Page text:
Vito's Cafe, 10249 York Road, Scotts Corner Shopping Center, Cockeysville, (410) 666-3100. Open every day for lunch and dinner. Major credit cards. Appetizers, $5.25-$6.75; entrees, $6.75-$12.95. ***
Vito's doesn't look like it belongs in Little Italy. There's not a scrap of cozy kitsch in this strip-mall dining room, with its contemporary decor and forest green, peach and mauve color scheme. I defy you to guess this is an Italian restaurant when you walk in, although the alluring fragrance of garlic, oregano and pizza baking in a brick oven will give you a clue.
But if you love Little Italy restaurants, you'll love Vito's. The minute you open the menu you'll feel right at home -- even the typeface looks familiar. This isn't surprising when you consider that co-owner and executive chef Bruno Ferrante has worked at both Da Mimmo and Caesar's Den in Little Italy. And when the food arrives at your table, it may not be haute cuisine but it's good, fresh and moderately priced. Like your favorite Little Italy restaurant before it got so successful and prices went through the stratosphere. (This is a lot of generalizing about Little Italy, which now has its share of restaurants that don't fit the mold, but you know what I mean.)
Vito's is the kind of place you wish you had in your neighborhood so you could stop by after work for a quick dinner. There is a drawback: no liquor license. But the liquor store a couple of doors down will sell you a bottle of wine or beer for your pizza even on Sunday.
Speaking of pizza, Vito's has individual ones that you could split as a first course or have as a meal. The White Gourmet was wonderful, with a crunchy but tender crust, four different cheeses, including ricotta, fresh spinach and a few thin slices of fresh tomato.
The soup of the day was a richly flavorful but surprisingly delicate lentil and escarole. The kitchen did salt this and another dish or two more than I would, but it was still very good.
Don't expect chic food here (although that pizza came close): The perfect example of what I mean is the antipasto in gondola. A black olive and an artichoke heart on a toothpick were stuck on each wedge of lusciously ripe honeydew. Surrounding the melon "gondolas" were thin slices of excellent salami, prosciutto and hard-boiled egg wedges on lettuce leaves. The plate looked pretty silly, but it tasted good.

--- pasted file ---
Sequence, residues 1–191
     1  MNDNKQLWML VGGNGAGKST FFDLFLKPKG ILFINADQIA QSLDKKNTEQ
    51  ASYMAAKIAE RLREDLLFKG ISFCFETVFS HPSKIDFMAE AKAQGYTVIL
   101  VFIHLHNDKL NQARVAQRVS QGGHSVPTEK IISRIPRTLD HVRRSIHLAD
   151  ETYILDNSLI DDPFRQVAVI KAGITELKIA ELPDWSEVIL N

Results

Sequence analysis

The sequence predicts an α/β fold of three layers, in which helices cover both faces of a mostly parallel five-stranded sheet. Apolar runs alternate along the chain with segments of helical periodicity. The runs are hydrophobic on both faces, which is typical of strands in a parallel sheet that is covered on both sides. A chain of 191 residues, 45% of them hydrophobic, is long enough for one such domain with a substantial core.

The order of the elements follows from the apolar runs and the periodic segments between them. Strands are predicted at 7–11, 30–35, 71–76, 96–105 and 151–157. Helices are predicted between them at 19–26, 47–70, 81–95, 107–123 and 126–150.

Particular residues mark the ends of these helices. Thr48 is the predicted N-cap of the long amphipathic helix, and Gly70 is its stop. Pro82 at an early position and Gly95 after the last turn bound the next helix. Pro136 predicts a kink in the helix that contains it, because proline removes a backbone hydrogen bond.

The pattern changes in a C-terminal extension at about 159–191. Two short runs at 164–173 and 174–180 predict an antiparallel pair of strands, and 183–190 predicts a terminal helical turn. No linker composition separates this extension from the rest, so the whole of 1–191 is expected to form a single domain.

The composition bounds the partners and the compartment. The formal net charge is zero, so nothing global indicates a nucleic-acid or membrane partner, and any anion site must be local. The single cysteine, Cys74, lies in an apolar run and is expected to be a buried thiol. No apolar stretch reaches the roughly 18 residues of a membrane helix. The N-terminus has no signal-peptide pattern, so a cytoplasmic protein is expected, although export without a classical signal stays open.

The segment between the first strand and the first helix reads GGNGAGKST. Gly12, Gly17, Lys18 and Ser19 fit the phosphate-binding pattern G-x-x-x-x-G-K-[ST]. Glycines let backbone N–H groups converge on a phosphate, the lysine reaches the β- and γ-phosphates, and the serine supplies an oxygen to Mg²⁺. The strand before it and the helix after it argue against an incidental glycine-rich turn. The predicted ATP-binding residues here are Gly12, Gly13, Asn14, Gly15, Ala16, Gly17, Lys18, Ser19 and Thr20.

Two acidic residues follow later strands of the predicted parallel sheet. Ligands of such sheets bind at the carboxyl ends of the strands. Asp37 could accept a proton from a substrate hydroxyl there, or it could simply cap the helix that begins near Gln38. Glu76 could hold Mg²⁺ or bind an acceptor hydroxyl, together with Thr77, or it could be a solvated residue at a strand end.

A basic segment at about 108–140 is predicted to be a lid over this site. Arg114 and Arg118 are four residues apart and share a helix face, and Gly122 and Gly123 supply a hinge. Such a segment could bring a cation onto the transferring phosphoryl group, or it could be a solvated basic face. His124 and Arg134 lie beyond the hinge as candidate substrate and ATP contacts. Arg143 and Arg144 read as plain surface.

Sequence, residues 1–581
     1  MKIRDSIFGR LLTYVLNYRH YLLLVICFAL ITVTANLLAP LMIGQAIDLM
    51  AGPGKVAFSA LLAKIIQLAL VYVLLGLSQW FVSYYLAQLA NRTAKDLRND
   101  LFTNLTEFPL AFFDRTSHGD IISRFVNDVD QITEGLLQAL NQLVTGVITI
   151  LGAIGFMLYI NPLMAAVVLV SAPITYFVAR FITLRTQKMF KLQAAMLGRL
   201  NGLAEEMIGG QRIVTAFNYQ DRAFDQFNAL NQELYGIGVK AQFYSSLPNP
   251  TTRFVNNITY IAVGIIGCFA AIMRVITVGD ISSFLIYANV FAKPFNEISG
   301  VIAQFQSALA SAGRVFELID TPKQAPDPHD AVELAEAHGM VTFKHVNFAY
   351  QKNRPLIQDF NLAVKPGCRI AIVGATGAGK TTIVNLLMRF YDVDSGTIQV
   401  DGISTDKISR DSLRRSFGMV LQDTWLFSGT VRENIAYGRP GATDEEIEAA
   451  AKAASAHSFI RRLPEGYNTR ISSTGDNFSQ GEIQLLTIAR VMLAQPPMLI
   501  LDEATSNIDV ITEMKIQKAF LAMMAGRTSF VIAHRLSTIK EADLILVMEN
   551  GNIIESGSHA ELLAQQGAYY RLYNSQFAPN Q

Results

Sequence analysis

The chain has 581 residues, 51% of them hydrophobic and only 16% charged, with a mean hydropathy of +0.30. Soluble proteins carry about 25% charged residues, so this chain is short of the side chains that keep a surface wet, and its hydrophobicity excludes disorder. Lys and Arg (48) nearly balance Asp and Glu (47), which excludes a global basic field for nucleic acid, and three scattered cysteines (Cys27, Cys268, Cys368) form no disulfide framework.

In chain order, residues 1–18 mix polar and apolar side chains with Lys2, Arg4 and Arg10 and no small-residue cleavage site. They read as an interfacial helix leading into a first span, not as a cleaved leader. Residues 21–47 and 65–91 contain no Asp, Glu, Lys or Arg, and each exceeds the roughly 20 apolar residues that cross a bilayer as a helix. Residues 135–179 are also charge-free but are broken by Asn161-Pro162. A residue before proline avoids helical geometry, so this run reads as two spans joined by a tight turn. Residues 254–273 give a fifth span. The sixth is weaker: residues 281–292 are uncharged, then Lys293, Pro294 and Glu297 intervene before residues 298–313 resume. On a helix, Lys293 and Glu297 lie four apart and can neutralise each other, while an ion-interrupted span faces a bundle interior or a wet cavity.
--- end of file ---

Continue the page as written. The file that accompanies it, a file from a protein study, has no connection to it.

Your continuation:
The fish of the day was a small whole river trout. The fish -- white, flaky and very fresh -- was sauced with butter, white wine, capers, chopped lemon and parsley. With it came perfectly cooked fresh broccoli and the traditional spaghetti with tomato sauce.
Seafood appeared again in the appealing pasta of the day, with shrimp, clams and scallops in a delicate seafood sauce over fettuccine. The entrees are accompanied by spaghetti; the pastas with a house salad. The salad isn't made with exotic lettuces or balsamic vinegar. It does have very fresh iceberg lettuce and crisp vegetables and a simple, excellent vinaigrette. The salad is like the bread -- not unusual, but so fresh you have to enjoy it.
The most expensive dinner on the menu is a stuffed veal chop for $12.95. (The crab cakes are $12.95, too, but this doesn't seem like the kind of place most people would be ordering crab cakes.)
The tender chop wasn't huge, but it was beautifully cooked with a spinach stuffing (less salt, please) and a winy sauce. If that price is a bit steep for you, try the chicken Marsala. It was equally good and $4 less. The tender boneless breast of chicken lay on a pool of faintly sweet, full-bodied Marsala sauce and sauteed mushrooms.
Desserts include the classics -- cannoli, tiramisu, rum cake. They aren't made in house, which is fine in the case of something like the cannoli, spumoni or tartufo (the chocolate ice cream bombe with chopped maraschino cherries and a thick fudge coating). No complaints there. But Vito's serves its tiramisu in the same little black plastic container it came in originally. The kitchen just pries the lid off. (The tiramisu tastes pretty good, very sweet with a strong flavor of espresso.)
As of this writing, Vito's hasn't been discovered yet. While business is steady, it wasn't really crowded on a Sunday night. But don't count on that continuing. When Cockeysville dwellers realize they don't have to schlep down to Little Italy to find a cozy, comfortable neighborhood Italian restaurant -- they actually have one in their own neighborhood -- it's going to be hard to get in without a reservation.
/# Next: Hampton's in Harbor Court